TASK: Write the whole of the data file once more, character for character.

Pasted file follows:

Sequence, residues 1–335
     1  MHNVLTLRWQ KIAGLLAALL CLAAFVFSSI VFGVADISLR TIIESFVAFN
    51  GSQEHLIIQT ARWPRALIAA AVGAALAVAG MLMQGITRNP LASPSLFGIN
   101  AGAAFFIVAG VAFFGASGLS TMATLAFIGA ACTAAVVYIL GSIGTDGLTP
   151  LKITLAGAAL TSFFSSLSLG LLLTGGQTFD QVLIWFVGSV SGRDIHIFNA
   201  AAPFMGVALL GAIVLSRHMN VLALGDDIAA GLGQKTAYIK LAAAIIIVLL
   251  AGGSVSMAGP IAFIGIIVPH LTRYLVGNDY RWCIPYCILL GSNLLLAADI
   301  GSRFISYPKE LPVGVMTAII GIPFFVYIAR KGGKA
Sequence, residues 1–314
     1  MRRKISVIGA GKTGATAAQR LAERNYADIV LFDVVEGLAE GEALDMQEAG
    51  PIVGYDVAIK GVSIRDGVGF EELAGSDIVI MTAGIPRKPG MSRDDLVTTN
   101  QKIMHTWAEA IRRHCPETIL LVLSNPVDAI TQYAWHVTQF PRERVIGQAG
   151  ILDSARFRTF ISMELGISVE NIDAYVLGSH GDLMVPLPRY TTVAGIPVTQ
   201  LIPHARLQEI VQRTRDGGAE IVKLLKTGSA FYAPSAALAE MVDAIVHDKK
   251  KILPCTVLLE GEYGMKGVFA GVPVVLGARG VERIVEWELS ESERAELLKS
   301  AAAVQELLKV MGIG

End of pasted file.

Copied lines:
Sequence, residues 1–335
     1  MHNVLTLRWQ KIAGLLAALL CLAAFVFSSI VFGVADISLR TIIESFVAFN
    51  GSQEHLIIQT ARWPRALIAA AVGAALAVAG MLMQGITRNP LASPSLFGIN
   101  AGAAFFIVAG VAFFGASGLS TMATLAFIGA ACTAAVVYIL GSIGTDGLTP
   151  LKITLAGAAL TSFFSSLSLG LLLTGGQTFD QVLIWFVGSV SGRDIHIFNA
   201  AAPFMGVALL GAIVLSRHMN VLALGDDIAA GLGQKTAYIK LAAAIIIVLL
   251  AGGSVSMAGP IAFIGIIVPH LTRYLVGNDY RWCIPYCILL GSNLLLAADI
   301  GSRFISYPKE LPVGVMTAII GIPFFVYIAR KGGKA
Sequence, residues 1–314
     1  MRRKISVIGA GKTGATAAQR LAERNYADIV LFDVVEGLAE GEALDMQEAG
    51  PIVGYDVAIK GVSIRDGVGF EELAGSDIVI MTAGIPRKPG MSRDDLVTTN
   101  QKIMHTWAEA IRRHCPETIL LVLSNPVDAI TQYAWHVTQF PRERVIGQAG
   151  ILDSARFRTF ISMELGISVE NIDAYVLGSH GDLMVPLPRY TTVAGIPVTQ
   201  LIPHARLQEI VQRTRDGGAE IVKLLKTGSA FYAPSAALAE MVDAIVHDKK
   251  KILPCTVLLE GEYGMKGVFA GVPVVLGARG VERIVEWELS ESERAELLKS
   301  AAAVQELLKV MGIG